Ten years ago, Neel Kashkari was the Treasury department official in charge of the Troubled Asset Relief Program that bailed out the biggest U.S. banks. Now, as president of the Federal Reserve Bank of Minneapolis, he wants to make sure no such bailouts are ever needed again.
The Minneapolis Fed’s new plan for bank regulation, released on Jan. 10, has three main pillars. Most importantly, it would dramatically increase capital requirements for large banks, and raise them even more for banks deemed to be systemically important. The plan would also impose a tax on large non-bank finance companies, commonly known as “shadow banks,” and would reduce regulation for smaller banks.
The first of these is the most important. It combines two key ideas about bank regulation that have become popular since the crisis: the idea that big banks are dangerous, and the idea that bank leverage is dangerous.
Sheer size can be dangerous and unfair. If some banks grow big enough to drag down large portions of corporate America in a bankruptcy, the government will have no choice but to bail them out in a crisis, as TARP did in 2008. Knowing that they’d get bailed out gives huge banks an incentive to make risky loans, since if the loans blow up it will be the taxpayer rather than the bank executives who are on the hook. That gives them a competitive advantage over smaller banks and leads to monopoly power in the banking industry.
Leverage is dangerous because it increases risk. If the amount a bank borrows is 95 percent of the value of the assets it owns, a very small movement in the value of its assets can drive it into bankruptcy. But in good times, when a bank’s assets are going up in value, leverage increases profits. Too-big-to-fail banks are especially likely to over-borrow because of their implicit government backstop. That’s why banks tend to have higher leverage ratios than companies in other industries.
Bank leverage has fallen since 2008 as a result of new regulations and of post-crisis caution. But many economists and regulators believe that the change has not gone far enough. In their book, “The Bankers’ New Clothes: What’s Wrong with Banking and What to Do about It,” economists Anat Admati of Stanford University and Martin Hellwig of the University of Bonn suggest that a bank’s capital should consist of 20 to 25 percent of its total assets, rather than the 11.7 percent that now prevails in the U.S. John Cochrane of the Hoover Institution has even suggested barring banks from doing any sort of short-term borrowing, which would eliminate the entire bank business model.
The Minneapolis Fed’s proposal is in line with Admati’s and Hellwig’s. It’s targeted at big banks — those with more than $250 billion in assets would have to issue equity equal to 23.5 percent of their total assets, and for those that the government deems systemically important the number would rise to 38 percent.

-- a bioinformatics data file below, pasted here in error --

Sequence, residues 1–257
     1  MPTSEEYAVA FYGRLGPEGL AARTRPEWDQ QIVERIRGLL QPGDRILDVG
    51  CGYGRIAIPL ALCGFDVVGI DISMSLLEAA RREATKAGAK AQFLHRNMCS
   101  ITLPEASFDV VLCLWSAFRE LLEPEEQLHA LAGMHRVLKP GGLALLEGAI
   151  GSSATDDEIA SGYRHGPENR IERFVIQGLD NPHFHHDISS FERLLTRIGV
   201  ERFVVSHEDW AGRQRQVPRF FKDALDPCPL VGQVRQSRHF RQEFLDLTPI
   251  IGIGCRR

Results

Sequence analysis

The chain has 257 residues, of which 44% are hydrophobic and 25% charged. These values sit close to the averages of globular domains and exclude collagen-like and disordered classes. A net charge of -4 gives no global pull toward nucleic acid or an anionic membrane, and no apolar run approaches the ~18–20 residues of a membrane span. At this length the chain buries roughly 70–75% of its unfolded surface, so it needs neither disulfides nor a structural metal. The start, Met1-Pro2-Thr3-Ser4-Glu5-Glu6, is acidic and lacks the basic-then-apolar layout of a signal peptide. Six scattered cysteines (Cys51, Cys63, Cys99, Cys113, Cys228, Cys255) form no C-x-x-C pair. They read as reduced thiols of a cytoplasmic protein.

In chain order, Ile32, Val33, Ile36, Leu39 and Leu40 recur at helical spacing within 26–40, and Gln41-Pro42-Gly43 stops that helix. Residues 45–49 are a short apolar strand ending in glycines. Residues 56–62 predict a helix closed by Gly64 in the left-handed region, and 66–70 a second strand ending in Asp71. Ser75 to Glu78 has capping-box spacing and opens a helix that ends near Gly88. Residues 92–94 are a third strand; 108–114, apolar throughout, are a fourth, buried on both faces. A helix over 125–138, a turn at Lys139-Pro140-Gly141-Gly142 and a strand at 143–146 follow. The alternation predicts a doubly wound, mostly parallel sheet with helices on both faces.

That would make the banking system safer. How much safer is not really knowable, since it involves estimating both the likelihood and the economic impact of future financial crises. Since financial crises are rare evens, those numbers are hard to guess.
The probability of a future crisis also depends on whether the industry figures out new ways to take on risk. Bank leverage in the U.S. has actually been falling since the 1990s — on the eve of the 2008 crisis, banks were funding themselves much more with equity than they had been in eras where no crisis occurred:
The 2008 crisis happened in spite of the increase in bank equity, because banks found new and riskier types of assets to invest in. Think of mortgage-backed securities and derivatives.
So while higher capital requirements increase safety, it’s not clear how high they’d need to go to prevent a 2008-style crisis. But the costs of increased capital requirements are unambiguous and immediate, since they would decrease bank revenues.
The Minneapolis Fed’s plan to loosen regulations for small banks could also end up increasing leverage at those institutions. The premise behind the plan is that big banks, with their implicit government backstop, are the main source of risk in the financial system. But in the Great Depression, small banks failed en masse — around 9,000 during the 1930s. Small banks are not immune to over-borrowing, or to panics and runs. Now, with borrowing costs for homeowners and businesses low throughout the country, there seems little need for a major deregulation of local banks.
So the Minneapolis Fed’s idea of decreasing big-bank borrowing is a good one, but it wouldn’t make the financial system immune to crises. Meanwhile, it represents short-term pain for uncertain long-term gain. Even worse, those long-term gains will be hidden from view — everyone sees a crisis that happens, but no one sees a crisis that’s successfully prevented.
Another obstacle standing in the way of the Minneapolis Fed’s plan is a fading appetite for financial regulation. The Senate is currently attempting to roll back some of the restrictions put in place in the wake of the crisis, and the House of Representatives has been pushing for even more sweeping deregulation.
The Minneapolis Fed’s proposal is certainly not a bad one. But given the lack of urgency — real or political — for major new bank regulation, it’s worth taking the time to make it better. Capital requirements can be increased gradually instead of all at once, in order to observe the effect on the banking system and backtrack if necessary. And most of the deregulatory portions can probably be tabled.
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Jonathan Landman at [email protected]